Aces on Bridge — Daily Columns

The Aces on Bridge: Thursday, September 5th, 2013

A gentleman is simply a patient wolf.

Lana Turner

East North
Neither ♠ Q J 5 3
 A Q J 6
 6 2
♣ 9 8 3
West East
♠ 7 2
 10 9 8 4 2
 7 4
♣ Q J 10 4
♠ K 10 8 6
 7 3
 A 5
♣ A 7 6 5 2
♠ A 9 4
 K 5
 K Q J 10 9 8 3
♣ K
South West North East
1 Pass 1 Dbl.
3 Pass 3♠ Pass
4 Pass 5 All pass


Most bridge books have nothing but bridge deals in them. By contrast, my last book, "The Lone Wolff," has almost no deals at all in it. It mainly discusses my life, and the politics of bridge at world level. As a former President of the World Bridge Federation and American Contract Bridge League, I came into contact with most of the superstars of the game, both as an administrator and as a member of the Dallas Aces, the team of American superstars gathered together by Ira Corn to break the Italian lock on the Bermuda Bowl.

This deal, however, is featured in the book. Against five diamonds I led the club queen. George Burns, who could have been a serious bridge player had not his illustrious show-business career as a comedian, actor and writer taken first call on his time, overtook with the ace, collecting South’s king.

Burns knew from the bidding that declarer held neither three hearts nor four spades, so found the only defense to beat declarer’s game — he returned a heart at trick two. Now declarer was unable to pitch losing spades on winning hearts, as Burns could ruff in.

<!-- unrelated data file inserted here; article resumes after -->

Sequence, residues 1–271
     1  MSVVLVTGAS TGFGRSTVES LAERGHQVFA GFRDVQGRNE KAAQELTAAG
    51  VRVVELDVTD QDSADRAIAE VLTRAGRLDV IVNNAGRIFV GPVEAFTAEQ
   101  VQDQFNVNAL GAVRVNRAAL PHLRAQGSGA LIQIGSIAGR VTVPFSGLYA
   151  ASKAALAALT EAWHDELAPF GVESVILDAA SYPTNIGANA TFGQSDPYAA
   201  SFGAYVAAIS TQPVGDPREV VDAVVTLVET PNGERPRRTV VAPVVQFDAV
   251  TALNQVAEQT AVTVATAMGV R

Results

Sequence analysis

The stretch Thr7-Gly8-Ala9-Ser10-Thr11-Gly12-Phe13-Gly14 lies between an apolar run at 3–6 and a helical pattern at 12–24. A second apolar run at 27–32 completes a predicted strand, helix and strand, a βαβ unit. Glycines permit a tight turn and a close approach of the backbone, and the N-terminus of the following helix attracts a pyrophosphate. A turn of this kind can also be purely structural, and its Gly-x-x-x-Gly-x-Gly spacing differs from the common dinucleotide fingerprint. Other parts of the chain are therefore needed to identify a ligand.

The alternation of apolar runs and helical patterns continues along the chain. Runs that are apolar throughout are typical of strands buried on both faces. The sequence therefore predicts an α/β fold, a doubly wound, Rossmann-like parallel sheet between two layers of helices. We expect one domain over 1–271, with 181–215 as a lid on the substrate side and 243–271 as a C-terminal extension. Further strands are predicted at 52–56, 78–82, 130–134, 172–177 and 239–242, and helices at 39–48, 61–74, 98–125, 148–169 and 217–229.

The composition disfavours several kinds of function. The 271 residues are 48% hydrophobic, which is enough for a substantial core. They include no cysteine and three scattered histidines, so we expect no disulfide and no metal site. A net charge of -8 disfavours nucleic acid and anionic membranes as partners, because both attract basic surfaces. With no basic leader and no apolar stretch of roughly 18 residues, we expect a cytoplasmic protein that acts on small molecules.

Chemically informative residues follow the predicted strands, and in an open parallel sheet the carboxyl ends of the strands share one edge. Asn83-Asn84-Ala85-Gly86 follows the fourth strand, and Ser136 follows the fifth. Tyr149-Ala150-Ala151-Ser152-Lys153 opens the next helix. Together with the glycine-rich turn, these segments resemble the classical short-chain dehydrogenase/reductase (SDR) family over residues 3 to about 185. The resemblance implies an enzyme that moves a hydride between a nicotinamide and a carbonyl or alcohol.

If declarer had played a trump at trick three, Burns would have risen with his ace to return his second heart. But as I told Burns afterwards, I had played my part in the defense — by holding the diamond seven. If the diamond six and seven had been interchanged, the game could not have been defeated.

When partner makes a slam-try and you have such good hearts, you owe him a little cooperation. Since you cannot cue-bid or (perish the thought!) use Blackwood, all that is left is a jump to five hearts, which, since it denies the ability to cue-bid, should show good trumps.


♠ Q J 5 3
 A Q J 6
 6 2
♣ 9 8 3
South West North East
1 Pass
3 Pass 3♠ Pass

For details of Bobby Wolff’s autobiography, The Lone Wolff, contact If you would like to contact Bobby Wolff, please leave a comment at this blog. Reproduced with permission of United Feature Syndicate, Inc., Copyright 2013. If you are interested in reprinting The Aces on Bridge column, contact


jim2September 20th, 2013 at 11:40 am

If declarer believes Mr. Burns, then he could have given him another scene in which to star.

That is, win the heart shift on the board and cast the QS. Mr. Burns must duck (theatrically or not) or villain South would still prevail.

Bobby WolffSeptember 20th, 2013 at 12:26 pm

Hi Jim2,

Luckily George’s mind was, in addition to one of the more underrated bridge players, totally focused directly on the hand itself and probably would just have chomped on his ever present cigar, before quickly ducking, perhaps with a small chuckle which, no doubt, would have caused him to sigh when he thought about his beloved wife Gracie, who had already died some years before.

My guess from my casual but impressive to me, meeting and brief bridge partnership with this very special person, was that he, indeed, set a very high standard for others in his famous category and has remained in my thoughts for a long time.

Thank you for calling attention to one of the highlights of my bridge life, perhaps the one my memory most dotes on.